By James Clingman
We talk a lot about criminal justice and crime in the streets, especially among Black people. Mass incarceration of Black men, disparate sentencing, private prisons, legal slavery inside prisons based on the 13th Amendment, and all the other plagues that beset us vis-à-vis our criminal justice system and prison industrial complex, dominate our conversations. But, there is another take on crime that we often overlook or simply ignore; it’s the economic crimes we commit against ourselves.
Amos Wilson posed two questions in his book, Black on Black Violence: “Does the African American community, by continuing to permit itself to be ‘legitimately’ economically exploited by non-African American communities thereby de-legitimize itself and permit itself to be criminalized while de-criminalizing its exploiters? Has the African American community – addicted to wasteful and nonsensical consumerism, with its unwillingness to invest its wealth and human resources in itself, in America, and uncommitted to controlling its own internal markets – contributed in no small way to the criminalization of its sons, to the increasing impoverishment of its children, to the violence which prevails within its households and neighborhoods?”
If you are familiar with Amos Wilson’s work, you know he wrote very long sentences, but I believe it was because he had so much to say (See the volume of work he compiled in Blueprint for Black Power), and he knew the urgency with which he had to say it.
Wilson’s questions are not only interrogatory, they are declarative as well. They paint a dismal picture of who we are and what we are about when it comes to crime and punishment. They suggest, of course, that Black folks are not taking care of our business economically, thus, actually causing much of the crime we lament in our neighborhoods.
It is indeed a crime to “allow” ourselves to be economically exploited, and we can be considered sick if we simply consume the products made by others but never invest in producing and purchasing products of our own. We commit economic crimes against ourselves; our children commit violent crimes against one another; and we are collectively punished as a result of such crimes. Are we able to break this vicious cycle of self-annihilation?
Our being both the perpetrator and the victim of the same economic crimes is just downright stupid. We commit the crimes of waste and conspicuous consumption, and then we are punished because of it. We refuse to develop, grow, and support our own businesses, and then we are punished by having to depend on someone else to fill our basic needs. We fail to help provide jobs for our youth, and they end up committing crimes against us and one another, while their unemployment rate nears 50 percent. Economically, our own actions accuse us, indict us, convict us, and punish us.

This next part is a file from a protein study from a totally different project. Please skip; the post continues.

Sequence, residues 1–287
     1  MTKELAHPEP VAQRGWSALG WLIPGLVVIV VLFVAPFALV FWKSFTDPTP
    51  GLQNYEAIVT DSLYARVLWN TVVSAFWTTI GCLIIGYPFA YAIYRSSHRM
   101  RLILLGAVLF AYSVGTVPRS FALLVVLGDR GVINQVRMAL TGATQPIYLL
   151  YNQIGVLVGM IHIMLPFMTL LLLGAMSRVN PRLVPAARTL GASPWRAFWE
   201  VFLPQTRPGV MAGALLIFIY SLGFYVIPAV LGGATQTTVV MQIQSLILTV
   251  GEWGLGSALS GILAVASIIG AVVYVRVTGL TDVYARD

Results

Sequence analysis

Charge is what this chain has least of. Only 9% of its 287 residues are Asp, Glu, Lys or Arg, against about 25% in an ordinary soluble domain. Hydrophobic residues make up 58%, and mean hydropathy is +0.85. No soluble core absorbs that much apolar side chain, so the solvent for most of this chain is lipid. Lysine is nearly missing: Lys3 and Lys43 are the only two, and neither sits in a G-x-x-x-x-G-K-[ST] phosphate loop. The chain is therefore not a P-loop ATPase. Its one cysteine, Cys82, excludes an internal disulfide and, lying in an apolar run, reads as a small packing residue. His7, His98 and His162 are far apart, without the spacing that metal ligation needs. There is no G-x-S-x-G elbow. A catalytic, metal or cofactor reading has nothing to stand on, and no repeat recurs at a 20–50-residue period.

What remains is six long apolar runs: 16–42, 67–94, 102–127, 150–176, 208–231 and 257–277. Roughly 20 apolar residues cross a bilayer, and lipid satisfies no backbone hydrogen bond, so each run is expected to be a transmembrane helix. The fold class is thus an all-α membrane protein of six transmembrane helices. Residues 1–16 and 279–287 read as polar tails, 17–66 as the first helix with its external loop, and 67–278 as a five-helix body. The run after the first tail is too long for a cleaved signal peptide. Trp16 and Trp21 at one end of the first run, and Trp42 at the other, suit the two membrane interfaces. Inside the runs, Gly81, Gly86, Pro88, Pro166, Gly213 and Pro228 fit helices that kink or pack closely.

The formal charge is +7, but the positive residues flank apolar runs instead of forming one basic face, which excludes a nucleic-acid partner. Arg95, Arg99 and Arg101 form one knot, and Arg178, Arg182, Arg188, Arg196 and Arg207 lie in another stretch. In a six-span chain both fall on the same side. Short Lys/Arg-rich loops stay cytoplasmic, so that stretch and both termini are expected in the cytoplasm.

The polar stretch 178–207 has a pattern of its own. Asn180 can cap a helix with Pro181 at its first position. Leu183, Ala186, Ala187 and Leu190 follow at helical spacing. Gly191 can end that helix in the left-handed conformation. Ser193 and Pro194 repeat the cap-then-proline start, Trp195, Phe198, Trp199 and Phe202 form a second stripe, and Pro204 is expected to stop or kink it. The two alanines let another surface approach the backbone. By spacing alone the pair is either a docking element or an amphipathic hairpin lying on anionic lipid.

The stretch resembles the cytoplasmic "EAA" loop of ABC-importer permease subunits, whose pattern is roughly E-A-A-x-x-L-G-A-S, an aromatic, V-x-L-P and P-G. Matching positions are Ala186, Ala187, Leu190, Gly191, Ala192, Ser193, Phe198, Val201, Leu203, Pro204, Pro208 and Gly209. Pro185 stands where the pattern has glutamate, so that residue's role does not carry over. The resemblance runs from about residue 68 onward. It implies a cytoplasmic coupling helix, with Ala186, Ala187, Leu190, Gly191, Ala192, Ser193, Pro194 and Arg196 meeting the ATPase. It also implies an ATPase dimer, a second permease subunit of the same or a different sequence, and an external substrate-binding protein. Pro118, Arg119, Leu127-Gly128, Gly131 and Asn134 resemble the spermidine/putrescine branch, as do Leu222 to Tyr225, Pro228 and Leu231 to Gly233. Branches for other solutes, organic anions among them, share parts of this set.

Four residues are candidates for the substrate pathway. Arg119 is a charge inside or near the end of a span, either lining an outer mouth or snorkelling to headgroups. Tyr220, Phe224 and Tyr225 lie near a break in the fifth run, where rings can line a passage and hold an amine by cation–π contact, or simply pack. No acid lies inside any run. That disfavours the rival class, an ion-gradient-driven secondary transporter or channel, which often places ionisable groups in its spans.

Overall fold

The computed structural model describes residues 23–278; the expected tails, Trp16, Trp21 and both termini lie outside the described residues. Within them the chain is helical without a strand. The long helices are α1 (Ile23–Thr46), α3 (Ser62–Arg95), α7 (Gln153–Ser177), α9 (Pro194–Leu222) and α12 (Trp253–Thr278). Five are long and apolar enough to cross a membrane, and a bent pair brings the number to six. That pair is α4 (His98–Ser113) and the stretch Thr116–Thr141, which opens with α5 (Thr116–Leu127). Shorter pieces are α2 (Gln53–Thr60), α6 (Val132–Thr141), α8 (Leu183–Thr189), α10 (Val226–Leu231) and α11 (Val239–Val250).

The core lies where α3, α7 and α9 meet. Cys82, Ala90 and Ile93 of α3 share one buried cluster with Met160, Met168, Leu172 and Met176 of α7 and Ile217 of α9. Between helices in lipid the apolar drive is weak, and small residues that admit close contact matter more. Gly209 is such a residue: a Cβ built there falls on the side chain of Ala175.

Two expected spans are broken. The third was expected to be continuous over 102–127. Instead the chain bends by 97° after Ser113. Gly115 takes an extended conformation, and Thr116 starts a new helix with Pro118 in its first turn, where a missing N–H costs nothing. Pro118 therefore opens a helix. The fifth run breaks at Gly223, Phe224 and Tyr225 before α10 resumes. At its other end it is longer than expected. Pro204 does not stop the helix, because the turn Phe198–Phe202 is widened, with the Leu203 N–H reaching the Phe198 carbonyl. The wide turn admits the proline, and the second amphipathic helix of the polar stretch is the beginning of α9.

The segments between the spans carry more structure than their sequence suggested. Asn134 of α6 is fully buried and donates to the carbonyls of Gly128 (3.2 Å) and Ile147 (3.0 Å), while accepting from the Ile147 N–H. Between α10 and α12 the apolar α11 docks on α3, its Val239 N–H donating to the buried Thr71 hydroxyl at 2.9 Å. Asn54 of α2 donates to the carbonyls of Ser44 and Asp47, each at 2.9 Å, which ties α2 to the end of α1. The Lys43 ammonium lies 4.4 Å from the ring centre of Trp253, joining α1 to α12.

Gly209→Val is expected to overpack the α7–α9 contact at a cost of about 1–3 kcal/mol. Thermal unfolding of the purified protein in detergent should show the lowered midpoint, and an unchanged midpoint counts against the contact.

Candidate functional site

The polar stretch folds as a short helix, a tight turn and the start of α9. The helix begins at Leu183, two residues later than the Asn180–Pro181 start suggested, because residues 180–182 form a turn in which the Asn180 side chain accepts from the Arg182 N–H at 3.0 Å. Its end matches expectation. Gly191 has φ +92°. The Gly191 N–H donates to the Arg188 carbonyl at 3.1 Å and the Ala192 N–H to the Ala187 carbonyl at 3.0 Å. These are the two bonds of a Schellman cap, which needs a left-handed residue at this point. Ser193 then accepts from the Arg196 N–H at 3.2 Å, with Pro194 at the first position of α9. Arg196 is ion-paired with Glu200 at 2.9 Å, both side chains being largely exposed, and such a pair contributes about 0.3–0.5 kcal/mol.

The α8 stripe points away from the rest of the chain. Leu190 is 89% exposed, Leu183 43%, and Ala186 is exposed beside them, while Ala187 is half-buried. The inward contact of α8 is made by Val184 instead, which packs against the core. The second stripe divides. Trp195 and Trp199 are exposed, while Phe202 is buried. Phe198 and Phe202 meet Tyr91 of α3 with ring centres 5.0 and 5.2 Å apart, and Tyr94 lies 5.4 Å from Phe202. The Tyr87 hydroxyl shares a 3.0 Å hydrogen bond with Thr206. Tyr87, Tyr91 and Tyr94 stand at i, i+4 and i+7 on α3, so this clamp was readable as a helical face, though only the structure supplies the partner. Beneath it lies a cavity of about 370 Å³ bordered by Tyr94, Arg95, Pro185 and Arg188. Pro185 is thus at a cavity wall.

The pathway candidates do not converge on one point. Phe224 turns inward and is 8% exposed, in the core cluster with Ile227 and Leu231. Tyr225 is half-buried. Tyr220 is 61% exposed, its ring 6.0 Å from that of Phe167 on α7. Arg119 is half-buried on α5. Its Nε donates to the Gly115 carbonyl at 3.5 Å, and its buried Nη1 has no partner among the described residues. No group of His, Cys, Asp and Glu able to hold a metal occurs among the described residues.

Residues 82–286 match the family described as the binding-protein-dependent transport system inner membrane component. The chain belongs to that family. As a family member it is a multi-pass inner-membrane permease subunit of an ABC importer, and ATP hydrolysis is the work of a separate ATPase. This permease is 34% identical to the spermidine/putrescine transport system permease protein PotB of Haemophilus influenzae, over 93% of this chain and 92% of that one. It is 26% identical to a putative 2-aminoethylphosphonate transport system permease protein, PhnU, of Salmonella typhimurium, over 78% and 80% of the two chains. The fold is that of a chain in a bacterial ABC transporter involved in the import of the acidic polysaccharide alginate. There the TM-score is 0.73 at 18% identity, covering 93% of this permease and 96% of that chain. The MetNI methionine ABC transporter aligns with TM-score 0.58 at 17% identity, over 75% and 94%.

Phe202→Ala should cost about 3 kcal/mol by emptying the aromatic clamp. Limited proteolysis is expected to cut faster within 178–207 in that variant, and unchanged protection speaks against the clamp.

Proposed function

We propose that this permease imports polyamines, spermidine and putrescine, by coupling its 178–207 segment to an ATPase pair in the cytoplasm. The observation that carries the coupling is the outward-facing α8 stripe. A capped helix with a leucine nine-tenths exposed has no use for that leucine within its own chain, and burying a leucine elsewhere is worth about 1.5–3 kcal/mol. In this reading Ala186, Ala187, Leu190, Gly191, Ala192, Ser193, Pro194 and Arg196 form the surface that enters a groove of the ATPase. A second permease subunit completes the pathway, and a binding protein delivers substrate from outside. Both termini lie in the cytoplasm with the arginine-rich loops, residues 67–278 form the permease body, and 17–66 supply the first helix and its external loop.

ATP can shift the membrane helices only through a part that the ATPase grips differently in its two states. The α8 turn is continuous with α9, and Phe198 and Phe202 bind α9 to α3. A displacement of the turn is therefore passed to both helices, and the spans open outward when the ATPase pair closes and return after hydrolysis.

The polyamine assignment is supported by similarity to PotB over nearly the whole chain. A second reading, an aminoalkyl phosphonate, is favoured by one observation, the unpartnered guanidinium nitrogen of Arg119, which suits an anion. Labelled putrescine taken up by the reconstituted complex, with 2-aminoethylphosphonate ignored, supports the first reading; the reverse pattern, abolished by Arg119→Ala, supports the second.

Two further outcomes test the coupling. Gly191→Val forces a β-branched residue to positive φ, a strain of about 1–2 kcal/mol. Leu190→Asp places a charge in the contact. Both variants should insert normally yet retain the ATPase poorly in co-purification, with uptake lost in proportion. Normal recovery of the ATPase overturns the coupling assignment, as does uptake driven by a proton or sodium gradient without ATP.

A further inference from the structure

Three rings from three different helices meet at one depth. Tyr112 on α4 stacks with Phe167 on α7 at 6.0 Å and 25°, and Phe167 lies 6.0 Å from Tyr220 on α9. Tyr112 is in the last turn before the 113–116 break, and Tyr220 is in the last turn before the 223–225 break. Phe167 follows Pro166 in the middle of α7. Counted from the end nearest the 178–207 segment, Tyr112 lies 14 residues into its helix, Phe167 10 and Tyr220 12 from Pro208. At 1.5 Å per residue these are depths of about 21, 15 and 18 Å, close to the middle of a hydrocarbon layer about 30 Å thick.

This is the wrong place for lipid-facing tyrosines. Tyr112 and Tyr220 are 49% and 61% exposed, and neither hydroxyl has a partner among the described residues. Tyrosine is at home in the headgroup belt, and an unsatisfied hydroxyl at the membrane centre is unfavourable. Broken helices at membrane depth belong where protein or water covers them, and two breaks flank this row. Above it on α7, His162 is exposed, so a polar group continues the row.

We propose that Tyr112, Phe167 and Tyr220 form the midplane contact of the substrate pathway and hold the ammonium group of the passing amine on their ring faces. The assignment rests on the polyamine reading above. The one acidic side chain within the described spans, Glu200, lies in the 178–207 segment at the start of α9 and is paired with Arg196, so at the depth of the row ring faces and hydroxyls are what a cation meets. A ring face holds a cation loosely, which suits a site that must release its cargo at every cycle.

How can we demand respect when we are begging others to fill needs that we can fill for ourselves? What must our children think of us, as we show them we can’t take care of them? Some of us don’t even know how to grow a tomato for our families, yet we want “respect.”
There is no denying that many of us are doing well and “doing good” at the same time. There are many conscious Black business owners across the country that are carrying probably 90 percent of the load for us by doing the right thing; they get up each day determined to help empower us in some way. Hats off to them! They certainly deserve our kudos. But it’s the rest of our people, the vast majority of us, who are in jeopardy of falling off the economic cliff.
These are trying times. We are in serious trouble, and far be from me to downplay that reality. And it’s not about whether the glass is half full or half empty; this is about survival. It’s not about what certain celebrities say, if that’s all they’re doing is talking. It’s not about whose camp you are in when it comes to the president and his critics. It’s not about hair weaves, gym shoes, soft drinks, the wives of whatever, the names of celebrities’ babies, conspiracies, corruption, the best singer, wall street bankers, al Qaeda, Syria, Iran, influential Blacks, leading Blacks, touchdowns, slam dunks, homeruns, games, sets, and matches. This is about economic crimes and the resulting punishment that ensues to Black people because of our inappropriate behavior and the inordinate amount of time we spend on “nonsense, as Maria Stewart once said.
The situation we are facing is an ever widening gap between those who have a lot and are self-reliant, and those of us who are dependent upon and beholding to them. Much of the information we allow to permeate our brains is meaningless, useless, non-recyclable trash. The vicarious nature of many of our lives will profit us little. My suggestion is that, first, we drop down and send up some serious “knee mail,” and then get up and get to work to stop our own crimes and punishment.
Amos Wilson also said, “When the Black community squanders the economic inheritance of its own children while it fills to overflowing the coffers of the children of other communities…it gets the crime it deserves.”
Jim Clingman, founder of the Greater Cincinnati African American Chamber of Commerce, is the nation’s most prolific writer on economic empowerment for Black people. He is an adjunct professor at the University of Cincinnati and can be reached through his Web site, blackonomics.com.